I was messaging with Christopher Hall this weekend about his father. You know his Dad right? Dr. Clyde Hall? An AC living legend? Dr. Hall turned 98 years old last week. I told Chris how inspired I was by his Dad’s story. What I didn’t mention to Chris though was my favorite picture of Dr. Hall.
I arrived at AC in 1988. That was bad timing; Dr. Clyde Hall had retired earlier in the year. Still, I quickly found other items of AC history to interest me. One was a football which sat in the trophy case at Hughey Gym. It was old and weathered and looked like it had not seen any action in 100 years. On the football was an inscription: “Austin 7, Baylor 3. October 25th, 1924.” How ‘bout that?
Still, why would that ball be kept and displayed? Sure, Baylor was a Southwest Conference member and all. But what was so important about keeping it to show me 64 years later? Turns out, that win was a big deal.
Baylor was indeed upset by the Roos in Waco in 1924, but did not lose a single Southwest Conference game at all that year. Arkansas fell at home. Texas A&M lost to Baylor 7 days after AC’s upset win, on the same field no less. One week after that, Texas hosted Baylor in the first ever game at DKR-Texas Memorial Stadium; Baylor spoiled the party by crushing the Horns. After SMU failed to earn a victory, the Baylor Bears defeated John Heisman’s Rice Owls to earn the title.
AC Coach Pete Cawthon, who had led the Roos to wins over both Baylor & Rice, declared Austin College the “unofficial champions of the Southwest Conference.” The Baylor streak, which had begun after the loss to AC, finally ended in 1925 after a loss in South Bend to Knute Rockne and the Notre Dame Fighting Irish.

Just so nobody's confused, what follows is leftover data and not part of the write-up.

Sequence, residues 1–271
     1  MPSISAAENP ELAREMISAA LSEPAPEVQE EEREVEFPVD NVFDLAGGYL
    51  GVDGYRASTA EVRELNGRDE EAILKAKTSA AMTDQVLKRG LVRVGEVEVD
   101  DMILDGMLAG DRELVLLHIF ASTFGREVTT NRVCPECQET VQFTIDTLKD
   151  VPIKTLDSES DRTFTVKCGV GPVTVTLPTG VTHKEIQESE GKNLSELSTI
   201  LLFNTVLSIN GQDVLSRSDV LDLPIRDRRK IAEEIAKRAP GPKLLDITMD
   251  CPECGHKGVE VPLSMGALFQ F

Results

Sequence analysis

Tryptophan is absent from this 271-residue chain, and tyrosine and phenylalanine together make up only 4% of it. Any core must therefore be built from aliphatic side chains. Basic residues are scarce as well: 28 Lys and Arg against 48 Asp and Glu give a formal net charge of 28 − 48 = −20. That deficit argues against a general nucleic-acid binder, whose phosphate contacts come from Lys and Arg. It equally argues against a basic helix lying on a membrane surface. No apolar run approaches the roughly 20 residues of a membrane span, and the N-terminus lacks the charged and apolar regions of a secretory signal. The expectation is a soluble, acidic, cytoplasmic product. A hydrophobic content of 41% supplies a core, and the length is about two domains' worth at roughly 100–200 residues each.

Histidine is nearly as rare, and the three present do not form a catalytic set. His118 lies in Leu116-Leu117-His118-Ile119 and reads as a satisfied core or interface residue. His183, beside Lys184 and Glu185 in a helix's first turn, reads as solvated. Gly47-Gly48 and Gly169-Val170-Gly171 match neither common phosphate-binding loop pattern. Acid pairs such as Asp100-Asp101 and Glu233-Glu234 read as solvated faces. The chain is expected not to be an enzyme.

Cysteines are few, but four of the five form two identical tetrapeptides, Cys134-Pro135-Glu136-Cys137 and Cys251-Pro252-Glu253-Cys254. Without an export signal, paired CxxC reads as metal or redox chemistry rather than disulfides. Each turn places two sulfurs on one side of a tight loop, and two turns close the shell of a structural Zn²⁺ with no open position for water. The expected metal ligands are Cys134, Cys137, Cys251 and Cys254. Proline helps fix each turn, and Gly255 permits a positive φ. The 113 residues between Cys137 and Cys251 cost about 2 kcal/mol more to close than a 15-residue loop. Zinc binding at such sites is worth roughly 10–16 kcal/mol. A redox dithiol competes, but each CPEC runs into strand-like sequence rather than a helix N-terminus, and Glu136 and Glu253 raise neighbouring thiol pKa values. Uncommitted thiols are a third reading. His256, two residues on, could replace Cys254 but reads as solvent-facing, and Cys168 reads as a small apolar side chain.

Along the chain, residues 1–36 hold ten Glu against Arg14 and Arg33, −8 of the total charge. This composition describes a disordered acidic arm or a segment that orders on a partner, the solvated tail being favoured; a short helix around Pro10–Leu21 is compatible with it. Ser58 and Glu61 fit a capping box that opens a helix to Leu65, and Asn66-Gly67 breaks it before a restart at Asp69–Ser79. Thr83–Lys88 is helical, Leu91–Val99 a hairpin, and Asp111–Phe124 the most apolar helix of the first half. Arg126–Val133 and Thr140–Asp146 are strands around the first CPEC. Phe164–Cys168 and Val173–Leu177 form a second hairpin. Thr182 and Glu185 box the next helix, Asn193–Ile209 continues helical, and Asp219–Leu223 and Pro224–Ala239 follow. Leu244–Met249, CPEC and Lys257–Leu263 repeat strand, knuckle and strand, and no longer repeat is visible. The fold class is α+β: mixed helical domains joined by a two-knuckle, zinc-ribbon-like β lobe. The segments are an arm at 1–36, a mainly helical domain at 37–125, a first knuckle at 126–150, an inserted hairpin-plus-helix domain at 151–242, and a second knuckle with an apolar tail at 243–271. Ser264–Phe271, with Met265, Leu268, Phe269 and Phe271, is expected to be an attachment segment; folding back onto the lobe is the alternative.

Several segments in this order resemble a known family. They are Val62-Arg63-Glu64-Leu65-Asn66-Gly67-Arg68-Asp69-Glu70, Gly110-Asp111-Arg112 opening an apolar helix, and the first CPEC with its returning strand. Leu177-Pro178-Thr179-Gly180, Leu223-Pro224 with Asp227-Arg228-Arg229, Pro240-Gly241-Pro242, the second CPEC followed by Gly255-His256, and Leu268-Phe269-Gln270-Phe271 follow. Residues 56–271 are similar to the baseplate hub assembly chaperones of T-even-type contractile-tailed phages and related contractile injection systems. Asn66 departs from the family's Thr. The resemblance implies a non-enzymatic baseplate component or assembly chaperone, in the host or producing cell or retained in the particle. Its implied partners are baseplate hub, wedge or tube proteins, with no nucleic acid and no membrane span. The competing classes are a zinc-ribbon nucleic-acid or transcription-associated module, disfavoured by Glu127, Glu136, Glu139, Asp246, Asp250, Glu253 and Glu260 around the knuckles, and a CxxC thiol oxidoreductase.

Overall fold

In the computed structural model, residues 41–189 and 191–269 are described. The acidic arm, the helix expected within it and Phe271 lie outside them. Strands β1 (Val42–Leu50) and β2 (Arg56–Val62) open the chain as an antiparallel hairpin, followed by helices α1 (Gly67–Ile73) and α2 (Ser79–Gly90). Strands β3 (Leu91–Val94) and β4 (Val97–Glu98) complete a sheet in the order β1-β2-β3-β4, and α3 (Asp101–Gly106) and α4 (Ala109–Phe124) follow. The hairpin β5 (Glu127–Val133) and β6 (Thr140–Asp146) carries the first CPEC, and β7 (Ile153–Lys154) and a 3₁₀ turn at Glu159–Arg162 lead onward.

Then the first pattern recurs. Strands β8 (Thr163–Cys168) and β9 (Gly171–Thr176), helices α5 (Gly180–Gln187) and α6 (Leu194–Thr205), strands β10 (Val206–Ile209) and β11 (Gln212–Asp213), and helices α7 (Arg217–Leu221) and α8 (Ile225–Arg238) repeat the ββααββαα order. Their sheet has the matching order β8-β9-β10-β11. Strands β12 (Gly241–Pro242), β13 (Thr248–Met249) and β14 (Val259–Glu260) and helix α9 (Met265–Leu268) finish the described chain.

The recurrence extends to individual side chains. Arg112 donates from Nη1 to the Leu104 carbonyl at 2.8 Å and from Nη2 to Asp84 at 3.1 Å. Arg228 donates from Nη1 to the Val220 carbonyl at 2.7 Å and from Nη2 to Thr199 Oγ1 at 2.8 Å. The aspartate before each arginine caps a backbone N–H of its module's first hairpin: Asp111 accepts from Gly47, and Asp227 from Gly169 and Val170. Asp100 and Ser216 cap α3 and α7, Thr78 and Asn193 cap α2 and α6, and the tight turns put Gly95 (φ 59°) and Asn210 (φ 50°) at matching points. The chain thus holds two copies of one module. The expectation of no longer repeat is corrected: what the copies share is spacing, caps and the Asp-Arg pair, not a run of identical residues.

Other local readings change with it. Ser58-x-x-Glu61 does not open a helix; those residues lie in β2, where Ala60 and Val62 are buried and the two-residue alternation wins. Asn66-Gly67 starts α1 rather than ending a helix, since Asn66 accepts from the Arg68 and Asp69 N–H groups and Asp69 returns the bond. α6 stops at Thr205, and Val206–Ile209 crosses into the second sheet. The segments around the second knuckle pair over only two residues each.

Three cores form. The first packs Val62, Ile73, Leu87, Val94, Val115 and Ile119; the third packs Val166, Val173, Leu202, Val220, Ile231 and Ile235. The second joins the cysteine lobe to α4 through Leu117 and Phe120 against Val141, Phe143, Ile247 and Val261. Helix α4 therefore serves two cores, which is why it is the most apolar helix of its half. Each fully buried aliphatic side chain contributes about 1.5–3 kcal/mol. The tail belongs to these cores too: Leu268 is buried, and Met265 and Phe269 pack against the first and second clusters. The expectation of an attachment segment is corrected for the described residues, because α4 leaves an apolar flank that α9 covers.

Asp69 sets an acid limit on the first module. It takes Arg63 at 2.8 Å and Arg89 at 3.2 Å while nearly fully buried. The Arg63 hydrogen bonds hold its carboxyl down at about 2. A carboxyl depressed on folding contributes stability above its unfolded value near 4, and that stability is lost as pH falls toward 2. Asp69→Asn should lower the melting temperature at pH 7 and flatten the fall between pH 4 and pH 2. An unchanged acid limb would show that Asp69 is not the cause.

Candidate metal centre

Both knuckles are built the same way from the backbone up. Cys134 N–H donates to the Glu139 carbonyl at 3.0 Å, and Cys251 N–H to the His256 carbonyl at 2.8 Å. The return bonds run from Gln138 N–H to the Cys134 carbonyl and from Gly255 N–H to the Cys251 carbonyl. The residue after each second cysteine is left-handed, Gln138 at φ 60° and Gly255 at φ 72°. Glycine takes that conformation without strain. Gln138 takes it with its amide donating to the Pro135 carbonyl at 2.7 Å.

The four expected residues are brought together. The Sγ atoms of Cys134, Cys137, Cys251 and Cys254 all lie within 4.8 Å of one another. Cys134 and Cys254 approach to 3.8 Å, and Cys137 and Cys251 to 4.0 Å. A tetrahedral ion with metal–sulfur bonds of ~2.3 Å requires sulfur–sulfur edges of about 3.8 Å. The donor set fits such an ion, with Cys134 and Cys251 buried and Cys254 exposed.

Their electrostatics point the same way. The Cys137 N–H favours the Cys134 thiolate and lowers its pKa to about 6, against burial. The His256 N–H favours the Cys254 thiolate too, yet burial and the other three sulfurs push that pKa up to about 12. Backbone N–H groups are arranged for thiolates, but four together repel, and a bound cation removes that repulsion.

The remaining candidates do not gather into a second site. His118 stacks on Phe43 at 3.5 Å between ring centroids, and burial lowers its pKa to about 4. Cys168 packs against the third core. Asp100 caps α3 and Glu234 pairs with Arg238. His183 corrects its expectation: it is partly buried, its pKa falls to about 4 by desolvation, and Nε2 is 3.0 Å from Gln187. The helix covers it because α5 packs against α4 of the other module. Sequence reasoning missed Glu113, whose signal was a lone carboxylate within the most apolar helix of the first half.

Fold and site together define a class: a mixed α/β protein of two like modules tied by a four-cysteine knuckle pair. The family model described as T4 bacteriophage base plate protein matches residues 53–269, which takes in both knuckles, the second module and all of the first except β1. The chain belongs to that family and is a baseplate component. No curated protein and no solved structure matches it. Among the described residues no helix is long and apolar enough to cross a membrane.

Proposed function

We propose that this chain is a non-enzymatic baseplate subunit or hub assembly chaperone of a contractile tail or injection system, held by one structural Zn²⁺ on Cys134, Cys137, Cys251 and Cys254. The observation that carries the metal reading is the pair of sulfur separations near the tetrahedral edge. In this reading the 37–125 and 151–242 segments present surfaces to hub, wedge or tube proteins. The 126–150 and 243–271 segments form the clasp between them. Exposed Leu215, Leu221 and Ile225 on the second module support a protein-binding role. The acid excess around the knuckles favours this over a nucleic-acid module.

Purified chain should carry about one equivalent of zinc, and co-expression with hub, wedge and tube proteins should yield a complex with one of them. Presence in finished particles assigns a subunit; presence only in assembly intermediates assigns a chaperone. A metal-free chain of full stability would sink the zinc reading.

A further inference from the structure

No wonder that ball was in the trophy case. The victory of Baylor was so good that I turned it into a Roo Tale: “1924, Baylor, & The Greatest Kangaroo Victory Ever.” The story will be a part of a NEW AC sports book I’m working on, dedicated to rival AC colleges & legendary AC personalities. It’s called “Rivals & Legends;” Baylor is one of the rivals. (And for those weary of Marc & sports, there will also be a third book dedicated entirely to AC history tales).
Dr. Clyde Hall’s knowledge of AC is as great as his longevity. Born in Sherman, he has personally known every AC President since Thomas Clyce, who was elected in 1900. He graduated from AC in 1946, his studies only interrupted by World War 2 service in North Africa. After his degree, Dr. Hall enjoyed a long career on the AC faculty. He remains active within the AC community even 32 years after his retirement back in 1988, a year when I had barely visited Sherman, TX.
But my favorite picture of Dr. Hall takes us back even further. Before his activism in retirement, his teaching as an AC professor, his service during WW2, or even his time as a student in the 1940s. Shoot, the photo even predates his time as a Sherman school kid.
My favorite photo is of a two-year old Clyde Hall, on campus and all decked out in crimson & gold AC gear. The year of the photo is 1924, right around the time Pete Cawthon and the Roos pulled off the greatest Kangaroo victory ever. Now that’s longevity.
In the Austin College post last week celebrating his birthday (see the comments), Dr. Clyde Hall mentions his “deep and warm expression of appreciation to each of those thoughtful kangaroos who remembered her/his “once upon a time” on-campus association with an aging professor, a kangaroo of an earlier vintage. So, Hail to the Crimson and Gold!!! – Clyde L. Hall”
The appreciation runs both ways. Happy birthday Dr. Hall, continued good health, and thanks for 98 years of service to AC. I’m already looking forward to October of 1924, when we can celebrate your 102nd birthday on the 100th anniversary of the Greatest Kangaroo Victory Ever……and the 100th anniversary of the amazing Roo fandom of Dr. Clyde Hall.